Originally published on Advisor Perspectives
We lead busy personal and professional lives that place heavy demands on our time. But it’s a mistake to quickly say “no” to something that might not offer immediate benefits.
I observed this in the process of writing my new self-help book for the general public. I’m really excited about it. It’s called: Ask: Be Liked. Be Loved. Be Better. Ask is based on solid research in the fields of psychology and neuroscience. It will positively impact a lot of lives.
I’d like to get it traditionally published but will self-publish if I can’t. My journey so far has taught me something.
The odds of getting a publishing deal in today’s environment are really slim. The process involves first finding a literary agent. By some estimates, top agents receive over 2,000 submissions a year and only accept two or three of them, if that. A rough rule of thumb is the odds of getting an agent are about 1 in 1,000.
Very daunting, even for an author with a good track record.
Improving the odds
One way to improve the odds is to get a well-known author to write a foreword to the book. I reached out to one who wasn’t interested in reading my book proposal or learning anything about the book. He explained he learned the importance of “saying no.”
There are some legitimate reasons for declining requests that impose on your time. However, reflexively saying “no” – especially in situations where there’s no immediate benefit to you – may be a mistake. Here’s why:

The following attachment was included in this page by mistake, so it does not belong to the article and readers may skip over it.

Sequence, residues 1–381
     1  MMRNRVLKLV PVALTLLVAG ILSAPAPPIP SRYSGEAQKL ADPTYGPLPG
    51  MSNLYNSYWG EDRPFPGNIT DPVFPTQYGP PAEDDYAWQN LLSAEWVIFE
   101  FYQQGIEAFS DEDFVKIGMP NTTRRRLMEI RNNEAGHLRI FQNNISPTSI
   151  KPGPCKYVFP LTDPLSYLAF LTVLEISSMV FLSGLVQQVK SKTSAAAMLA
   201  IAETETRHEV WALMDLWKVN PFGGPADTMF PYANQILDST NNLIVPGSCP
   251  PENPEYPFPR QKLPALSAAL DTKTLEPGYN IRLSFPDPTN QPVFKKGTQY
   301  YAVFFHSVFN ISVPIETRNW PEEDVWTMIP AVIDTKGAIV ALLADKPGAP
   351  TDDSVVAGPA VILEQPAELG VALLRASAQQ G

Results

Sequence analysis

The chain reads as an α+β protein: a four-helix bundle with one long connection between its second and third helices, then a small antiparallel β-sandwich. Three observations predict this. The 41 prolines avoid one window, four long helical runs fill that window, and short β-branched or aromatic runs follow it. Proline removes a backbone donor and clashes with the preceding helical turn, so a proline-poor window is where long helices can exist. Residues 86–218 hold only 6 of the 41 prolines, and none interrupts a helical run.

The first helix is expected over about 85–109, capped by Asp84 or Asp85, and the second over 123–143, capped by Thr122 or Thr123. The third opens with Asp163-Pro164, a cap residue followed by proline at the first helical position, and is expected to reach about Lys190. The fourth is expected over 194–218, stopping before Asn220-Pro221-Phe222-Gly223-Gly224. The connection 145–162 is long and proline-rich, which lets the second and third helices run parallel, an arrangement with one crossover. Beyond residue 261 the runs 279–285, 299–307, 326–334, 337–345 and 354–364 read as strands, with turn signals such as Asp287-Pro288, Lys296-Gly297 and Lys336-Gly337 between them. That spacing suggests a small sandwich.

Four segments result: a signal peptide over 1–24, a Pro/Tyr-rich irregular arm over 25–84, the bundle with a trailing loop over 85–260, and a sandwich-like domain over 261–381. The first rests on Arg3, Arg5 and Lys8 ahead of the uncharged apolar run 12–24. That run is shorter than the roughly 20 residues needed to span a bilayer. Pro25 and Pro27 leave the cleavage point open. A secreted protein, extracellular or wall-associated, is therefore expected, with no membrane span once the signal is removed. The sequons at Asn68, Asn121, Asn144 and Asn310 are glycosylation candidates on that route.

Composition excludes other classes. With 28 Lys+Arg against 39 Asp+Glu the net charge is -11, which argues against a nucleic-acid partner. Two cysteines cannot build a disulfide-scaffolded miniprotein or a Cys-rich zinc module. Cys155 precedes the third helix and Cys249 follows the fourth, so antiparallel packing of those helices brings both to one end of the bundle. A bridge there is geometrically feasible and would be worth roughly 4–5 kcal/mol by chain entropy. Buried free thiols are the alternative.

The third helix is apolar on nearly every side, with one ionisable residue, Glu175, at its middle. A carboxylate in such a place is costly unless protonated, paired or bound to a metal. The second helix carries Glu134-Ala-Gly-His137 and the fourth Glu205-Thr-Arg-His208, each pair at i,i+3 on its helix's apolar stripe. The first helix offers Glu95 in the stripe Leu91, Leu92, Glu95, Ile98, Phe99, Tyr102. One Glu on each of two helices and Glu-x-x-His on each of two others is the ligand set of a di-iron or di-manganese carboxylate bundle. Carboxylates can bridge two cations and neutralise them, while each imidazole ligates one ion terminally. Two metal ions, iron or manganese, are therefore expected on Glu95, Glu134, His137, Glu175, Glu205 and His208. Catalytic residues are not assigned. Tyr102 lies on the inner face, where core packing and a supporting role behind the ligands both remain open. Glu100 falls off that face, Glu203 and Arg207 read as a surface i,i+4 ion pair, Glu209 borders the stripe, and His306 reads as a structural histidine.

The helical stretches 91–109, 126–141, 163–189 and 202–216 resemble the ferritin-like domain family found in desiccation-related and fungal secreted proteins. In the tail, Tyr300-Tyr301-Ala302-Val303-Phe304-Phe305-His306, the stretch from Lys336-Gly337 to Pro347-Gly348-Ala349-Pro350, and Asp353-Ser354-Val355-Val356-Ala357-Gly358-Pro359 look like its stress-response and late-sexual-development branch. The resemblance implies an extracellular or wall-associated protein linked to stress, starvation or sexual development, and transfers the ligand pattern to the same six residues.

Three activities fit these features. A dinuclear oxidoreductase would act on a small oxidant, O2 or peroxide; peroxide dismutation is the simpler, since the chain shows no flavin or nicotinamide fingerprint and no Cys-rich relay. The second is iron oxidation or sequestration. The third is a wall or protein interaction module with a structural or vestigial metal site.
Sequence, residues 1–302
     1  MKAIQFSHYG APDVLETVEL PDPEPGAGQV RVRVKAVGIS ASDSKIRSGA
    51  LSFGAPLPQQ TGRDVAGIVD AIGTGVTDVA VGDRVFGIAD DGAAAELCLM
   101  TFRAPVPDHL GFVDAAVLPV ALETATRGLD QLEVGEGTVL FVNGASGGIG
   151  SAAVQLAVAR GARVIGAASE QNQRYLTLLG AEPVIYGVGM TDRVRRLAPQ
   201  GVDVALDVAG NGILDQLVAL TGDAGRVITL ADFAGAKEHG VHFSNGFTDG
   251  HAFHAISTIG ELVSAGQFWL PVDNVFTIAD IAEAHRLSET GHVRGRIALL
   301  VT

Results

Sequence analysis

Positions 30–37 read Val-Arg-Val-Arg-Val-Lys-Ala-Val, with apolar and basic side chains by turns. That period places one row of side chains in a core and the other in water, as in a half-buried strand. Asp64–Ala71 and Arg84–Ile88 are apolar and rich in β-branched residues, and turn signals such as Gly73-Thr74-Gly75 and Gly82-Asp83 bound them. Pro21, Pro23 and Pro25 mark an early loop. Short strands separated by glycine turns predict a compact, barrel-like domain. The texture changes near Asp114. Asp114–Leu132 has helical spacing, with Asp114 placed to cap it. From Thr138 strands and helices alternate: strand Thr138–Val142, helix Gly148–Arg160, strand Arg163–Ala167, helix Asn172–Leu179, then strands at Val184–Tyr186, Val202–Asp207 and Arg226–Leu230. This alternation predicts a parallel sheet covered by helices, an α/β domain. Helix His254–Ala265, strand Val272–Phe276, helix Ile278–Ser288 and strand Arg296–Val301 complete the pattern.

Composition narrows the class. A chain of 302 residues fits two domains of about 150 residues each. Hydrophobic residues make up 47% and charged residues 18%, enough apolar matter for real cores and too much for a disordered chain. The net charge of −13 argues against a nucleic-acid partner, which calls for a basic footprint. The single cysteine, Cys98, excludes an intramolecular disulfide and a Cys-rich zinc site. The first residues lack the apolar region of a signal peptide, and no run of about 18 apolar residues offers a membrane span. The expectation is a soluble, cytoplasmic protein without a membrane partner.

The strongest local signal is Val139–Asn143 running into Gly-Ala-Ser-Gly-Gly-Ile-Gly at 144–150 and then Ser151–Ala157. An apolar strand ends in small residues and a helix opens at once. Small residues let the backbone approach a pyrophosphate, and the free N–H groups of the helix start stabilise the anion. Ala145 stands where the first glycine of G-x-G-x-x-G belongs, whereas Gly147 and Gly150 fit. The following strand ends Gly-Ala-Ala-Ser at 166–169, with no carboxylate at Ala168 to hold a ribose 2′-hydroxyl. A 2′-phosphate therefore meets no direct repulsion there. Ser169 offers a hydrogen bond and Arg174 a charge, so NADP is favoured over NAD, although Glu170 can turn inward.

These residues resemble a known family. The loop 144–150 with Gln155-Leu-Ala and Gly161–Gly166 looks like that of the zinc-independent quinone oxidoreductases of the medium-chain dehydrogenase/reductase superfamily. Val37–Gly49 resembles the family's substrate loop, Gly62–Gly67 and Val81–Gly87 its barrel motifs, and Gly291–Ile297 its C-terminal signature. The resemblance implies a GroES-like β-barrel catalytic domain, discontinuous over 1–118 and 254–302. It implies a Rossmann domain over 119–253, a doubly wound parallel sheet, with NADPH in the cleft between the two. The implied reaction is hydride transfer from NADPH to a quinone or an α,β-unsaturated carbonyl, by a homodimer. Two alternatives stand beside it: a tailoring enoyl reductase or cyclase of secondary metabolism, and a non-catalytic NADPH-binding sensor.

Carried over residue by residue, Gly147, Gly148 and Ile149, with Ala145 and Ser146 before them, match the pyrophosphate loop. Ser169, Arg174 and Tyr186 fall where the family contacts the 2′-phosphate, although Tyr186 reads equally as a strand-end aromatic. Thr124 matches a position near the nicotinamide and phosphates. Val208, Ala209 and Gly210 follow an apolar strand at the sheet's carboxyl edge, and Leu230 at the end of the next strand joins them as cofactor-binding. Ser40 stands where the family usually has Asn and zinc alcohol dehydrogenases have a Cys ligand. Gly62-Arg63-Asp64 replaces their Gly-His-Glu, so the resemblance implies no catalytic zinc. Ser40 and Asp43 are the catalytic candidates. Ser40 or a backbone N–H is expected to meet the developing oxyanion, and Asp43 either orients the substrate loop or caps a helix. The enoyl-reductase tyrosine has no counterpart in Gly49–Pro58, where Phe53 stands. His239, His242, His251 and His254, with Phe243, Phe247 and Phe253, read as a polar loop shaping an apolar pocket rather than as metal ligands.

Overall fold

The benefit of saying “yes”
I am frequently asked to write book “blurbs” – a foreword or answer investing questions. I almost always honor those requests. I do so because I believe the books will help those who read them and answering questions from investors will prevent them from being victimized.
While I don’t benefit monetarily from those activities, I enrich my life in ways that can’t be quantified.
When I help others, it makes me feel good. There’s a scientific basis for this feeling. Doing something for others boosts serotonin, a neurotransmitter responsible for feelings of satisfaction and well-being.
There’s also evidence that being kind eases anxiety, releases oxytocin which is good for heart health, helps you live longer, reduces stress and prevents illness.
There’s another benefit. You never know when a kind act will benefit you in unexpected ways. Many advisors have told some of their best referrals came from clients they served without compensation, because they didn’t meet their minimum requirements.
You may be on top of the world today, but tomorrow could bring a reversal of fortune. If it does, you’ll be grateful for all the goodwill you created by saying “yes” when others learned to say “no.”